March 15, 2004

By Isaac Shapiro

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A just-released Congressional Budget Office report examines what the most recent available data indicate about the incomes of long-term recipients of regular, state unemployment insurance (UI) benefits, and the degree to which UI benefits are of use to them.[1]  The study examines income data just prior to the enactment of the temporary federal benefits program in March 2002.  The study also reviews the level of unemployment insurance exhaustions in the past two years.  Due to data limitations, CBO cautioned that the focus should be on the “qualitative findings of the analysis rather than on the precise estimates,” but CBO also tested the “robustness” of its study by comparing it with some older studies, and concluded that the results generally were consistent.

The findings of the new CBO report include the following.

Regular UI benefits offset a considerable degree of the income lost due to a long-term unemployment spell, but the unemployed are still worse off than when they were employed.

“When UI recipients lost their job, their income – excluding UI benefits – dropped by almost 60 percent.  With UI benefits included, the income loss was about 40 percent.”  (page 2 of the study)

UI helps prevent the middle class from falling into poverty.  Half of UI recipients had monthly incomes below the poverty line, if their UI benefits are not considered.  Their UI benefits reduce their poverty rate dramatically.  Few of the unemployed were poor before they lost their jobs.

“Three months before their long-term UI spell began, only about 7 percent had family income below the monthly poverty threshold….  During their long-term spell, by contrast, nearly one-quarter of the UI recipients had monthly family income below the poverty threshold.  That figure rises to one-half when UI benefits are excluded.”  (p. 13)

The likelihood that UI recipients exhaust their benefits before they are able to find a job hit exceptionally high levels in 2002 and 2003.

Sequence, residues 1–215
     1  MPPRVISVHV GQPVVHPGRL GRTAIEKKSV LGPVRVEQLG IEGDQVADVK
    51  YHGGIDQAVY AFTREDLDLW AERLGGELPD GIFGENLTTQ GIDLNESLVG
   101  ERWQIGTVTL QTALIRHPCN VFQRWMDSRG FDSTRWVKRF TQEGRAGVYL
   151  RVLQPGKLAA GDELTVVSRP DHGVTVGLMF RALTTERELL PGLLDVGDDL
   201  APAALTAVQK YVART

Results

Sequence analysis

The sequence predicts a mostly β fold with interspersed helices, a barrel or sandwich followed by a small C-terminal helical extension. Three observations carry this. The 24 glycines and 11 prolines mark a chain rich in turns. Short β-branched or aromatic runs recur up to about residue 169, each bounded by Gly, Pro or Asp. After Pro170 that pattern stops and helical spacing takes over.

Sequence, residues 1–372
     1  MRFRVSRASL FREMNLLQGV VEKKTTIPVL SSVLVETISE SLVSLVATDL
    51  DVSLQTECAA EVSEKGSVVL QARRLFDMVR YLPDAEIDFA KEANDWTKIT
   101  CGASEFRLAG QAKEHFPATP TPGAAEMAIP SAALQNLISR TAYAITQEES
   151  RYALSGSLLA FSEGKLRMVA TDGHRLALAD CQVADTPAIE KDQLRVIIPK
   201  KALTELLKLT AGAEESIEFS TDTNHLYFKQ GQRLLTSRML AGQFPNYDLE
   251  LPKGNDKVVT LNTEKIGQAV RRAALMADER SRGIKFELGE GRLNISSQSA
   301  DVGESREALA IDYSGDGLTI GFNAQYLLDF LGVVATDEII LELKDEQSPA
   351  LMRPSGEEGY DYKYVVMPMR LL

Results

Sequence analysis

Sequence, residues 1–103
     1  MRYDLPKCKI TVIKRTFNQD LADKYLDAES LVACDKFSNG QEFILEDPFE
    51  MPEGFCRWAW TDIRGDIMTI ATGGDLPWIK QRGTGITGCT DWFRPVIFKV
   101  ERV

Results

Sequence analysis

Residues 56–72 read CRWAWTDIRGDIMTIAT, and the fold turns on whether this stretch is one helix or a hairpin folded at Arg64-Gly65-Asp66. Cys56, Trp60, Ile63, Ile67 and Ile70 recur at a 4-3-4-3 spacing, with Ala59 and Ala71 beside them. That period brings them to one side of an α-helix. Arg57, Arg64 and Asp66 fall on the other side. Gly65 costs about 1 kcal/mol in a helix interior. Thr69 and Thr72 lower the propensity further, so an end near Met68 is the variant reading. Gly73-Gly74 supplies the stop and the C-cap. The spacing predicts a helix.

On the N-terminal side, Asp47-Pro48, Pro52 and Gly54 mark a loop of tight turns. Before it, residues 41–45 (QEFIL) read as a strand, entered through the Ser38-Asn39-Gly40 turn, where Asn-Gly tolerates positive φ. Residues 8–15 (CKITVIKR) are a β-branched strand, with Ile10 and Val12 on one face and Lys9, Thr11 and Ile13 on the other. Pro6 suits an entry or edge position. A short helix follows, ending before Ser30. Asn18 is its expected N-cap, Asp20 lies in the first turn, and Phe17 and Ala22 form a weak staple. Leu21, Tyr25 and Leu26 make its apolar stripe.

“For the past two years, that exhaustion rate has been higher than at any time in recent history.”  (p. 14)

The high exhaustion rate for state benefits was primarily a reflection of the weak labor market, not the existence of temporary federal benefits (TEUC aid).  As evidence for this conclusion, the length of unemployment spells also rose for those not receiving UI benefits.

“Some of the rise in the exhaustion rate since March 2002, when the TEUC program was enacted, is most likely associated with the availability of those additional weeks of benefits.  However, that effect is probably small compared with the impact of a weaker labor market.  As with unemployed workers who lost their job, the average duration of unemployment has also increased for groups that are generally ineligible for UI benefits (new entrants and reentrants to the labor force), which suggests that the overall state of the labor market, rather than the availability of benefits, has been the key factor.”  (p. 15)

Individuals who exhaust their regular UI benefits and are not able to find jobs are more than twice as likely to be poor and to lack health insurance as they were when they were employed.

“…more than one-third of the former long-term UI recipients who had not returned to work had an income below the poverty line (measured on a monthly basis), and about 40 percent lacked health insurance—more than double the numbers before they became unemployed.”  (p. 2)

End Note:

[1] Congressional Budget Office, Family Income of Unemployment Insurance Recipients, March 2004.  The study focused on long-term UI recipients:  “defined as unemployed workers who received unemployment insurance (UI) benefits for a spell of at least four consecutive months in 2001 or early 2002.”